Chase rolled the dial over his voice, blasting the fiddle and keen of the country station, some jingoistic hymn. He gripped the wheel and concentrated on the vanishing road. A white-out, the black dead trunks of pines flashing in and out like television static. He dropped the clutch into first and skated the curves by feel. Ten blind miles to Ron's house. He turned onto the scant gravel road of Whitehorse Run. The tires spun and he feathered the brake, looking for traction but finding none. The truck began to speed and fishtail down the mountain like a greased sled, Ron yelling to steer away from the gorge yawning to their right. The truck nicked an oak on the roadside and they turned broadside and skittered over the ice. Chase overcompensated and nearly rolled the truck. The brakes caught and they high-centered in the ditch, the driver's door flush with the hillside, mirror torn off. He gunned the engine again and again, tires singing in the slush and finding no road beneath. Finally Ron pulled the keys from the ignition, saying, "That's enough. I'll tolerate a lot of things, but I won't let you ruin a good engine in front of me."

They climbed out the passenger-side and the wind chewed their faces. They walked a mile through the snow to Ron's trailer, smoke curling from a stove pipe. Ron directed him to the phone, through the squalor of the living room. Chase tapped the receiver. Nothing. The lines were down. "I've got to get out of here," he said, his voice empty. "I'm walking back to Dry Fork."

"You're going no place tonight but that couch. A wrecker'll have to pull that truck."

"I'm not staying here."

"Sit down, you're shaking. You got to calm down."

The boy paced around the room. He noticed the garish cover of a Stephen King novel atop the clutter. Sweeping away crusted pots and dishes, Ron took a whiskey bottle off the kitchen counter and fetched two jelly glasses. "I could use something strong after that. I'm just starting to unpucker my ass. You take a drop?"

Chase nodded. A sleepy brindled hound nosed around him.

"That's more like it. The weather don't stop Friday night, eh? Throw some hickory on that fire and I'll pour."

* * * * *

"You can't leave them alone these days. When I was eight, my daddy said, Son, take that twenty-two rifle and a lawnchair down to the creek and occupy yourself. Don't come back till you got ten-foot's worth of watersnakes. Things ain't like that now. Darla had a low-rent boyfriend. Phone rings at four a.m. from Fairmont. Turns out he's been fooling around with Wyatt on the side. The boy had to show the social worker on a doll what he done to him. He's got all kinds of trouble now. Something happened the other day with another boy he was playing with. I didn't get the specifics. Didn't want to.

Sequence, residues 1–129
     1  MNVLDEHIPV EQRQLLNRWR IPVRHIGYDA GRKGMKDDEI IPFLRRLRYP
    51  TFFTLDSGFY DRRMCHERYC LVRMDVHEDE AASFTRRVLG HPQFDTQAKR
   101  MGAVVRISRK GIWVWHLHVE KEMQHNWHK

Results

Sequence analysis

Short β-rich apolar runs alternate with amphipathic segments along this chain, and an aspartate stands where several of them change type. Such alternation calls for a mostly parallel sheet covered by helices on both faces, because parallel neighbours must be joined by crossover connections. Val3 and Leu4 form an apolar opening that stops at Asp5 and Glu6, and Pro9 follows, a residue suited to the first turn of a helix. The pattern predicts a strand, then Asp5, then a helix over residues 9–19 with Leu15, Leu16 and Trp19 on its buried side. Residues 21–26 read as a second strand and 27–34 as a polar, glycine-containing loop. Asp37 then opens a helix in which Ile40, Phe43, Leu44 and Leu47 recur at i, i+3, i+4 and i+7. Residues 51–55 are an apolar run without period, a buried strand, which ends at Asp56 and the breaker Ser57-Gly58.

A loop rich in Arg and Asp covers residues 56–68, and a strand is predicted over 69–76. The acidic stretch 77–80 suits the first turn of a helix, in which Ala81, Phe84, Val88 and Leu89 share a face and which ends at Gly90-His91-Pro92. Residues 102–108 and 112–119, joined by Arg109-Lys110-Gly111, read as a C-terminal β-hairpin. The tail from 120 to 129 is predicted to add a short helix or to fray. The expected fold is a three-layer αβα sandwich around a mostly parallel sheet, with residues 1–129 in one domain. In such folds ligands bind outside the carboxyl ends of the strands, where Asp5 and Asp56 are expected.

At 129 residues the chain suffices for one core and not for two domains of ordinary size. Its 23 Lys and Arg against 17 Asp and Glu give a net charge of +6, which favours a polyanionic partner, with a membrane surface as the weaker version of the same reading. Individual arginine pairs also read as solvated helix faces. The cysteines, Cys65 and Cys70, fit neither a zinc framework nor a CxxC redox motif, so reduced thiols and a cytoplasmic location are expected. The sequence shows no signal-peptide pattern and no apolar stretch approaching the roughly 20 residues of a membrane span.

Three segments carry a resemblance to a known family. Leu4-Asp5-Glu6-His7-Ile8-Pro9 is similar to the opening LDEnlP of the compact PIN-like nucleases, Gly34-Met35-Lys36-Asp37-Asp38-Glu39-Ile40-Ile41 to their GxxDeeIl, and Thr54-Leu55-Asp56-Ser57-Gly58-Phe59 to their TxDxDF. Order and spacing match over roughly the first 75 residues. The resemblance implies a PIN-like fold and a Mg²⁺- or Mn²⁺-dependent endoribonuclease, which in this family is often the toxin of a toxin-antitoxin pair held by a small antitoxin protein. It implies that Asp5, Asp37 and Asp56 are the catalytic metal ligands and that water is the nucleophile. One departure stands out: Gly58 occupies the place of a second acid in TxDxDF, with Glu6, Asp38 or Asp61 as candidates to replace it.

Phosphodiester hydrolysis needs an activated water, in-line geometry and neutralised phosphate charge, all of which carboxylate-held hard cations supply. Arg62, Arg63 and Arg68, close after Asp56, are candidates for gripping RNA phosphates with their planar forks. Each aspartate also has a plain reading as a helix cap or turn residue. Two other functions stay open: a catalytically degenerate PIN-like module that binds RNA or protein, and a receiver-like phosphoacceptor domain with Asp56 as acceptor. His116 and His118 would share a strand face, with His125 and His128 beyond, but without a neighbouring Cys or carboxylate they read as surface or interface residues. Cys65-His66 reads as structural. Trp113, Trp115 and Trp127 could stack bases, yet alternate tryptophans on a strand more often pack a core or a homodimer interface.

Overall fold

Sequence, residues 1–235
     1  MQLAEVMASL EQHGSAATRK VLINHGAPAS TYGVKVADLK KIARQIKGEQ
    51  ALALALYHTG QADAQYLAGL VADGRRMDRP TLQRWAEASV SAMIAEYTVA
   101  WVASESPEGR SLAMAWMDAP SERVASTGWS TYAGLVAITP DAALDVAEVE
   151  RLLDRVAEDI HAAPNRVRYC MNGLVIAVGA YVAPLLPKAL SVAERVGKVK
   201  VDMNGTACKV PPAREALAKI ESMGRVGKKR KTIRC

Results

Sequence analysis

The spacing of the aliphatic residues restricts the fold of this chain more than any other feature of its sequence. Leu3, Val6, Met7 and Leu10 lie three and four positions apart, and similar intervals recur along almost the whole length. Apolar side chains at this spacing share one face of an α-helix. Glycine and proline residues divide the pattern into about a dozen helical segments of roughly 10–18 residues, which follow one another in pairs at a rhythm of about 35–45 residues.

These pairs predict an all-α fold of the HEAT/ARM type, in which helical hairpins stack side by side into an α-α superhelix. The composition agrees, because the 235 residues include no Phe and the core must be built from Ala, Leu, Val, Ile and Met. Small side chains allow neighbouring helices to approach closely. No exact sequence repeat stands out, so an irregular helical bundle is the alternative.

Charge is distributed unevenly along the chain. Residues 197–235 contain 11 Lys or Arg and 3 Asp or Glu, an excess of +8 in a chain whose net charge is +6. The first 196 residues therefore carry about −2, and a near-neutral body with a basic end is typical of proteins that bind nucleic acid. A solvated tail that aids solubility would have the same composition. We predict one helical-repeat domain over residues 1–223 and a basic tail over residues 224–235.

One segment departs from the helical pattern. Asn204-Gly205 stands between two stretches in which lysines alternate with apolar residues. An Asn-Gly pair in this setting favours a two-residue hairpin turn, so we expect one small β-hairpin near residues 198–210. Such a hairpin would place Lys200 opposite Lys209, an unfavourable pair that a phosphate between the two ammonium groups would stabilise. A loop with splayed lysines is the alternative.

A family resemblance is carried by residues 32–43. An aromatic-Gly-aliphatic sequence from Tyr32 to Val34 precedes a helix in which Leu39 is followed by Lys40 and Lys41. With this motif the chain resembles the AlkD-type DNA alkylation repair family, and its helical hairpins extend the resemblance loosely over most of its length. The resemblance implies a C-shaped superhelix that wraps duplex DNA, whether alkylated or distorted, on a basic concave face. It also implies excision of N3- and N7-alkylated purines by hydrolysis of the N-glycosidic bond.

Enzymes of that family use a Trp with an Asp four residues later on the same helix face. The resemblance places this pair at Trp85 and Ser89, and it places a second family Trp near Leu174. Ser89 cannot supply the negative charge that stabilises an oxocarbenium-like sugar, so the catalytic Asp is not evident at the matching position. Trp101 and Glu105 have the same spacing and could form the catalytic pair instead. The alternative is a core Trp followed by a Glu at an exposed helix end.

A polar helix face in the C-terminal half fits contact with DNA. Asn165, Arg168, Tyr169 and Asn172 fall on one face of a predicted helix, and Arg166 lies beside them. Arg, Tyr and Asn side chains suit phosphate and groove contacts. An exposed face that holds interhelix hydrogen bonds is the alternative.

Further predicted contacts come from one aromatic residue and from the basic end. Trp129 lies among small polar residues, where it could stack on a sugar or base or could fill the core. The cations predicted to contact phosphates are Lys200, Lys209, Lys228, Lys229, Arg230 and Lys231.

"That man got ten years, five suspended. He lost five years of his life and Wyatt lost his childhood. The system don't work. It fails children. Chase was nodding, agreeing with me.

"We'd gone through three-quarters of the Old Crow and I was kindling the fire. In my last days, he said, I wanted to do something real, something I could see and build with my own two hands. I got brave and asked him how he picked it up. He said, Over spring break we went down to Charleston, South Carolina, and we got a hotel suite and three hookers. We'd never had any women between us—well, except Mike—so we finished up pretty fast. Still had my socks on. Ha. We'd bought them all night so we kept going. Doing everything, swapping them around every which way.

"Mike must be his suck toy. Sounds like a hell of a time to me, I said.

"That's what we thought. We got back to school, to our apartment. Then Mike gets a cold he can't shake. Then it's pneumonia, then it's...

"He talked and talked and I thought of Wyatt and that faggot boyfriend. I should've done better. I'm pretty damn tolerant for a red-ass redneck, registered Democrat all my life. But drunk drunk drunk. He was telling me this whore's tale but I know he's lying, putting on a show. The boy is queer as a three-dollar bill. You catch him doing a flit at the end of a long day when he's too wore out to catch himself. The room was spinning, the window and the fire going around around. He drooped forward and touched my knee and that's when I started hitting him. He just put up his hands, wouldn't fight.

"I threw him out in the snow and poured peroxide on my hands, cut up as they were. Lyle'll have to hire new blood to finish the cabins. He don't got a choice. I can't show my face around there.

"I can't talk no more, not about nothing."

* * * * *

See the shell of a cabin standing on a Saturday morning, calm as Sabbath and wearing a skirt of snow. We build of fallen timber and broken stone, wrestling shelter out of the earth. He trails his fingers over the grain of the pine, the dark curl of its knots, the flaws that give the inner walls beauty and shine. To be loved by a rich man and a rich woman, and the women of rich men are most beautiful. He douses the pine with gasoline.

Their work lights the mountainside like the Host returning to West Virginia.




Matthew Null: Fiction
Copyright ©2007 The Cortland Review Issue 37The Cortland Review